The underpasses will be broad enough to offer an approaching ocelot an enticing view of the other side, while chain-link fencing will funnel the animals toward the portals. The cats will need the encouragement, according to Swarts. "We can't put up a sign saying, 'Cross here, cross here,'" she told San Antonio's KSAT 12
 
A stone's throw from the Mexico line, Laguna Atascosa is the region's biggest swath of protected native habitat, and its tangled thorn wood – virtually impenetrable to human beings – makes for the perfect ocelot digs. But things are getting a little crowded for the resident population, which means young cats must brave suboptimal habitat (and those lethal thoroughfares) to find new territory.

The other significant ocelot population in the state lies about 30 miles north of Laguna Atascosa on private ranchland. As Defenders of Wildlife noted in a recent blog post, connecting these two populations – and, ideally, linking them by brushland corridors to Mexican ocelots – may be the only hope for the long-term survival of the species in Texas. Building underpasses is just one part of the solution; restoring thornscrub on either side of the border is just as critical. Public and private collaboration is also essential to expand the cats' habitat.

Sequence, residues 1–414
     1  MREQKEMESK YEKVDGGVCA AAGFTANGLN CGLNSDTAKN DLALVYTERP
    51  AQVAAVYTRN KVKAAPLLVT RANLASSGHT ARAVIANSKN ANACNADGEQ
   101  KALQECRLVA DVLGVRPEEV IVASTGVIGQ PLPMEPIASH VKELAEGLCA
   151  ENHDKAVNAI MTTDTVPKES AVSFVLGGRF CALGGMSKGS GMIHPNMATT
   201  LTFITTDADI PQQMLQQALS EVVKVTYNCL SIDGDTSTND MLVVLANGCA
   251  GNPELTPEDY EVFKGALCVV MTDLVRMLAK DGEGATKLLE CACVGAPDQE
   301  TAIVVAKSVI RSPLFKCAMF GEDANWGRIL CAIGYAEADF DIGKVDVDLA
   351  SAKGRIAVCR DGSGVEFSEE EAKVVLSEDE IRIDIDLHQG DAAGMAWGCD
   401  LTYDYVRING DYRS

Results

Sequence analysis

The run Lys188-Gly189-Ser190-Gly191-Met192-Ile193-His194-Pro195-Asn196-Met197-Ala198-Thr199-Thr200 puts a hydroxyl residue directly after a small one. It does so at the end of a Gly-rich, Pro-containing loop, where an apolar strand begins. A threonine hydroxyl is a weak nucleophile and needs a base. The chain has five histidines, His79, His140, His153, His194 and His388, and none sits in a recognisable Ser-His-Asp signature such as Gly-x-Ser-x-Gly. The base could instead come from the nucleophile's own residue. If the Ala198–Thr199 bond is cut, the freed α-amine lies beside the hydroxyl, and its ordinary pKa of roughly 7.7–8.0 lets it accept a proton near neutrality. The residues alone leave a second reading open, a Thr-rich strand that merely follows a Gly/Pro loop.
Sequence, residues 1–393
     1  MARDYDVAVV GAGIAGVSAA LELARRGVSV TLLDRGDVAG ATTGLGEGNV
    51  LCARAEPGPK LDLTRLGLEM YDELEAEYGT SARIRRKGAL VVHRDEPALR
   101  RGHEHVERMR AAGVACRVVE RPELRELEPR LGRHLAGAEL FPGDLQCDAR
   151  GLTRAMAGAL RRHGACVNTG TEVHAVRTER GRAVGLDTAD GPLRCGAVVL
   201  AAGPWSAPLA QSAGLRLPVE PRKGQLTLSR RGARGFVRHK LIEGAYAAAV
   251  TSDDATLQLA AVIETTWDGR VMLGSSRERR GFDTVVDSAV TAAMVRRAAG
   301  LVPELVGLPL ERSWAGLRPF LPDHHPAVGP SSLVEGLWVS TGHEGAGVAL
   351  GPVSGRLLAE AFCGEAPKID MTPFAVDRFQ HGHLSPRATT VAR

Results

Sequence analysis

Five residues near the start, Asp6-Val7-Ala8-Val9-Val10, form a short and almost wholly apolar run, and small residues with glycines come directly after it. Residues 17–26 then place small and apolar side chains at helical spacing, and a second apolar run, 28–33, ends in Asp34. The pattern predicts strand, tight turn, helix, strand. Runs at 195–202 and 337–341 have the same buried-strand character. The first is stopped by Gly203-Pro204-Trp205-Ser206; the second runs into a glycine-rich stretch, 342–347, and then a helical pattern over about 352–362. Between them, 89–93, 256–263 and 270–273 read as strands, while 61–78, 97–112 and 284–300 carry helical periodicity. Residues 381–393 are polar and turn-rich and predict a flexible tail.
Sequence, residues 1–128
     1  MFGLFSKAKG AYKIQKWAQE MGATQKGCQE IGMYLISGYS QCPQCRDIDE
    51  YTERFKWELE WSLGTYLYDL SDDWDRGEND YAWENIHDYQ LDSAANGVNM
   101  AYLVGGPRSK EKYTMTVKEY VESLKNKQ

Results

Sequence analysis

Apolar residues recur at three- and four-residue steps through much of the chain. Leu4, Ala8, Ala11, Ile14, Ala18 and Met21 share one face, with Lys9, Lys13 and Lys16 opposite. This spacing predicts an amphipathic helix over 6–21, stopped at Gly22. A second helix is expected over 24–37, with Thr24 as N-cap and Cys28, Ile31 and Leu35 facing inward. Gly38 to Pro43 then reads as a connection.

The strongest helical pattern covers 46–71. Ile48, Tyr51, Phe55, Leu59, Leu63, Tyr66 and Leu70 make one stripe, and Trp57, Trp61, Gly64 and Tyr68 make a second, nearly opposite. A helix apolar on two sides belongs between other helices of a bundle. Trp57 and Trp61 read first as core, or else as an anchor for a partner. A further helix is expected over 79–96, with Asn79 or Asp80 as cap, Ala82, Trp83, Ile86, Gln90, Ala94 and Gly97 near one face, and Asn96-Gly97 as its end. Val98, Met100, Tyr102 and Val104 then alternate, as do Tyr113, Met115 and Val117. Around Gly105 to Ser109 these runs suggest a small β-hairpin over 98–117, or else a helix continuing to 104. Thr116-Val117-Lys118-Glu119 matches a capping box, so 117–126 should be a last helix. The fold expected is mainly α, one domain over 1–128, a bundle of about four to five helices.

The South Texas thornscrub also serves as sanctuary for another rare borderland cat: the Gulf Coast jaguarundi. For both animals (not to mention jaguars farther west in New Mexico and Arizona) the future looks bleak if plans to install a wall along the US-Mexico border – which President-elect Donald Trump made one of his defining campaign promises – get the green light.

For Swarts, the ocelot highway deaths have been devastating, but she's hopeful the underpasses will make a difference. "I really take it personally. I'm hoping I won't have to feel that in the future, certainly not at the levels we've seen," she told KSAT 12.

Meanwhile, take a gander at the Laguna Atoscosa National Wildlife Refuge ocelot gallery (which has kitten shots, mind you!) for a unique look at the painted cat doing its thing in the wild subtropical thickets of South Texas.
 
By Ethan Shaw
With many thanks to Earth Networks